My friends and family were shocked that I did ask such a question and not get smacked on the wrist for that. Of course, nothing happened. I knew nothing would happen. I don't believe anyone printed that in the papers though.

The thing is, we've always had a voice all along. You could criticize the ruling party and not be thrown in jail. It was OK. They won't hate you for speaking up. In fact, they are terrified of the Complaining Citizen. Sure, a handful might get in trouble (might be because they were idiots all along), but most likely you won't. If anything, they'd actually LISTEN. It was only recently, my generation had discovered it. Generation Y was no longer Generation Q--Generation Quiet.

Russians, on the other hand, I find to be very outspoken--Whine! Argue! Find fault! Find somebody to blame! Debate! Criticize! Protest! Rebel! Revolt! Start a new revolution!--even when they know very well they could get into trouble for it.

Many people view Russia as a repressed people.

It was only when I went to visit Putin's Russia, that I saw that we were the ones who had been repressed all along... by our own fault. By our own fears.

So maybe people get the government they deserve. Or is it the other way round?

We wanted cheaper things. We wanted more material things. We wanted to spend more time with the family and friends. We got a government that imported cheap labour and goods we can enjoy on the cheap. Lowly-paid migrant workers as waiters, cleaners, maids, construction etc. had to be hired. Singaporeans don't want those jobs.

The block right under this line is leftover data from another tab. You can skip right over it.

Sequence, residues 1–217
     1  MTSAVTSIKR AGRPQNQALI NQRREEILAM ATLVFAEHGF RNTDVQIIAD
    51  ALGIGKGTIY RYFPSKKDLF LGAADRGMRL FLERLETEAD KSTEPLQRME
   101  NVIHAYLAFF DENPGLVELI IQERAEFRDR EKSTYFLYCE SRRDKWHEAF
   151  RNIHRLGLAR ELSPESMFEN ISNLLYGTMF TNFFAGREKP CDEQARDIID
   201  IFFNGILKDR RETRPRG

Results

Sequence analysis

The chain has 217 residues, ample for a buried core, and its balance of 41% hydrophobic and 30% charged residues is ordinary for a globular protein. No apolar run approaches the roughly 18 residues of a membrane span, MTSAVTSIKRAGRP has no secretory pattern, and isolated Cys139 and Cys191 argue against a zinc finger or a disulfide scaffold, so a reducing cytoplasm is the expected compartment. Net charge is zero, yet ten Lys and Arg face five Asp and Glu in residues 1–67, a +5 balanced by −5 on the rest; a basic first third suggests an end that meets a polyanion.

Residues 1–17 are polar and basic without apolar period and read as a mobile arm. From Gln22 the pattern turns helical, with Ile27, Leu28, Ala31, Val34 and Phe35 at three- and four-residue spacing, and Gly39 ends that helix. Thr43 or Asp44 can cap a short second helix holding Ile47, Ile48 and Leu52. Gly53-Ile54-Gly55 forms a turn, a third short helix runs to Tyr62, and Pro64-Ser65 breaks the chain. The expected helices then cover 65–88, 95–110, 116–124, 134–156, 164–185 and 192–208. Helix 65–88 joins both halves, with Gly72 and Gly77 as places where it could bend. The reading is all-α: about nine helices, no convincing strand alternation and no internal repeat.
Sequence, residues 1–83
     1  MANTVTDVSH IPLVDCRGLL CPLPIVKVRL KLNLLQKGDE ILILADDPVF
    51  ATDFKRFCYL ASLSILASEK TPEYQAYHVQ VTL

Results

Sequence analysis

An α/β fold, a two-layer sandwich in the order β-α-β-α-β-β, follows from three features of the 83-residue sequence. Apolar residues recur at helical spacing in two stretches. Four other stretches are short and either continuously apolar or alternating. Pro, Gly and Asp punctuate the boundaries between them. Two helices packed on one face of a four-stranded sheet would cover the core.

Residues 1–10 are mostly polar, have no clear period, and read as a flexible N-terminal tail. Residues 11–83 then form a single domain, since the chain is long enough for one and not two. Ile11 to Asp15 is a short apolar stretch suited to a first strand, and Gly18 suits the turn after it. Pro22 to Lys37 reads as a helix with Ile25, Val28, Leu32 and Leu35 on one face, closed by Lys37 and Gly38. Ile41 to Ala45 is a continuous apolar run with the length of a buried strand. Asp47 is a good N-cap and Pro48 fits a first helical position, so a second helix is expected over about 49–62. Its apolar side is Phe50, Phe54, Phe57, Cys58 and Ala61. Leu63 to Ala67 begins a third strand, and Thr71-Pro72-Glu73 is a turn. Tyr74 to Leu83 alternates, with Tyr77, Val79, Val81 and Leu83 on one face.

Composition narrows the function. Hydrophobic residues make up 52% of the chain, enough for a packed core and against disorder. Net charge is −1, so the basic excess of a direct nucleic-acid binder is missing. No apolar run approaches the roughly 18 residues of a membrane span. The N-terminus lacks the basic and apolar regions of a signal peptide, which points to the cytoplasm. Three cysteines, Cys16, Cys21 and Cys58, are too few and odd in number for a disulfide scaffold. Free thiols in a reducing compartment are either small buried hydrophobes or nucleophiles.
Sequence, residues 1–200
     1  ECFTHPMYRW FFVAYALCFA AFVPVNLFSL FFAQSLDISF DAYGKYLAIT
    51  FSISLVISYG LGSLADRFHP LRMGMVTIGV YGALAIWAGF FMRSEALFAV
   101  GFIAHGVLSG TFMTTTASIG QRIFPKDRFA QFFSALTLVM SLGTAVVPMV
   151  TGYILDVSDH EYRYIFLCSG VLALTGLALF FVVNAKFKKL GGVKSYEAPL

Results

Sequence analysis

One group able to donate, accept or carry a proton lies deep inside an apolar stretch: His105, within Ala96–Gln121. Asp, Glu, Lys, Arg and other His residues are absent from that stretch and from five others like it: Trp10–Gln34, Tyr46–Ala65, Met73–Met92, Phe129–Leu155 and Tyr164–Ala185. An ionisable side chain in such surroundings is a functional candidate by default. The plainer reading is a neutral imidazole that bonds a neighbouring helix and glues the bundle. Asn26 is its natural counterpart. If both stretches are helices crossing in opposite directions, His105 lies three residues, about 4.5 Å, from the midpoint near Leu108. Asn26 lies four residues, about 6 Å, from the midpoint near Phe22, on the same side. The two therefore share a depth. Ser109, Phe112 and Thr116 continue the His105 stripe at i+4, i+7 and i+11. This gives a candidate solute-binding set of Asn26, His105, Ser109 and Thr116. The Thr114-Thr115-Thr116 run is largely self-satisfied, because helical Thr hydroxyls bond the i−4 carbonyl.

Thus the flood of immigrants in addition to imported goods. Now, no, we discovered we didn't like it that much. We didn't like competing for space in public transport, or even sharing our parks, eateries, or sidewalks. We also didn't like the service these foreign service staff was providing us. Too shoddy. Don't speak proper English! Don't speak Singlish! We found something else to whine about. What we wanted, we got. What we complained about got done away with. If only we could make up our minds....

What did Russia want? Did Russia get what she deserved?

Maybe our Russian friends can tell us. But let me take a shot at this.

Historically, Russians always had a top-down chain of command. The top rules the bottom. The Tsar, Chairman or President is given huge powers, and is expected to solve all the nation's problems and march it into greatness.

But this doesn't really happen. No one person can handle such power. He is not god. Even with such power, he cannot solve all the problems that have been plaguing the nation because most of these problems have deep roots. These problems were within the people themselves, and change must come from within them, not from the top.

So poor, poor Putin, just handed the keys to the country after Yeltsin left it in a huge, hangover-turned-alcoholic-oh-I'm-gonna-die mess. And he couldn't say no. Because somewhere, in side him, a little voice tells him, you can do better than this man. Give it a shot.

Yeltsin-era Russia was an amazing mix of Soviet-style illogic and bandit capitalism. But I suppose many had decided, enough was enough. The Russians made noise. Putin decided to listen.

I don't think Yeltsin intended Putin to strike out on his own and start knocking down his family of chummy oligarchs in favor of the entire country. I wouldn't think Putin would do that if he didn't feel that he had the support of the people.

We see what is happening in the world, the serious risks that are accumulating. Escalating interethnic and interreligious tensions are today’s reality. Nationalism and religious intolerance are becoming an ideological base for some of the most radical groups and movements – destroying or eroding states, and dividing societies.   --V. V. Putin